6 June 2016
Two illegal workers comprising one Pakistani and one Indonesian, each holding recognisance forms, were jailed at Shatin Magistrates' Courts and Fanling Magistrates' Courts on June 3 and 4.
During an anti-illegal worker operation mounted on June 1, Immigration Department (ImmD) investigators found one male Pakistani worker aged 28 working as a loading worker in a warehouse in Kwai Chung while a female Indonesian worker aged 40 was found working as a waitress in a restaurant in Causeway Bay. Upon identity checking, they were found to be non-refoulement claimants and holders of recognisance forms issued by ImmD, which prohibit them from taking any employment for inspection.
The two arrestees were each charged with taking employment after landing in Hong Kong unlawfully and remaining in Hong Kong without the authority of the Director of Immigration or while being a person in respect of whom a removal order or deportation order was in force. They pleaded guilty to the charge and were sentenced to 15 months' imprisonment.
The ImmD spokesman warned that, as stipulated in section 38AA of the Immigration Ordinance, illegal immigrants or people who are the subject of a removal order or a deportation order are prohibited from taking any employment, whether paid or unpaid, or establishing or joining in any business. Offenders are liable upon conviction to a maximum fine of $50,000 and up to three years' imprisonment. The Court of Appeal has issued a guideline ruling that a sentence of 15 months' imprisonment should be applied in such cases.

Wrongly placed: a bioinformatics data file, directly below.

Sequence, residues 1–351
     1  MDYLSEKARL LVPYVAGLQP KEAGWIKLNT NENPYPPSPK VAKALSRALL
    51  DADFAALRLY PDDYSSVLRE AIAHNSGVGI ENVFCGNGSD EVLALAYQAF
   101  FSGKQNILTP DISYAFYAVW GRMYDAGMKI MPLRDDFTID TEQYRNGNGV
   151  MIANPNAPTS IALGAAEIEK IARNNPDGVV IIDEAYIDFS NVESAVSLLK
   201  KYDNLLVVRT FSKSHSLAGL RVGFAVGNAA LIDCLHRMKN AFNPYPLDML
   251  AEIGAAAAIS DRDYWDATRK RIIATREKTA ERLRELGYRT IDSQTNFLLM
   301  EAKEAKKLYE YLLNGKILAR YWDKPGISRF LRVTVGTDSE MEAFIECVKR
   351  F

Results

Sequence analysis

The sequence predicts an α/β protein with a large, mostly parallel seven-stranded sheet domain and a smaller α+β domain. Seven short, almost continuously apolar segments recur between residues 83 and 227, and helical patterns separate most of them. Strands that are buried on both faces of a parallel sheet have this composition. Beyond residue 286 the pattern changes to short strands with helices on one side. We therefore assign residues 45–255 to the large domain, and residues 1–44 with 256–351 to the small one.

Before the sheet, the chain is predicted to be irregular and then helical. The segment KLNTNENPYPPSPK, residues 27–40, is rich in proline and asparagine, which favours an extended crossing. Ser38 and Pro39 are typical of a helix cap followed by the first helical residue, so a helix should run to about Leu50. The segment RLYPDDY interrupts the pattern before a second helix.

The spokesman appealed to employers not to employ illegal workers, warning that it is an offence to employ people who are not lawfully employable. The maximum penalty is a fine of $350,000 and imprisonment for three years. It is also an offence if an employer fails to inspect the job seeker's identity card or, if the job seeker does not have a Hong Kong permanent identity card, his or her valid travel document. The maximum penalty for failing to do so is a fine of $150,000 and imprisonment for one year. To deter unlawful employment, the High Court laid down sentencing guidelines in 2004 reaffirming that it is a serious offence to employ someone who is not legally employable, and stating that the employer of an illegal worker should be given an immediate custodial sentence.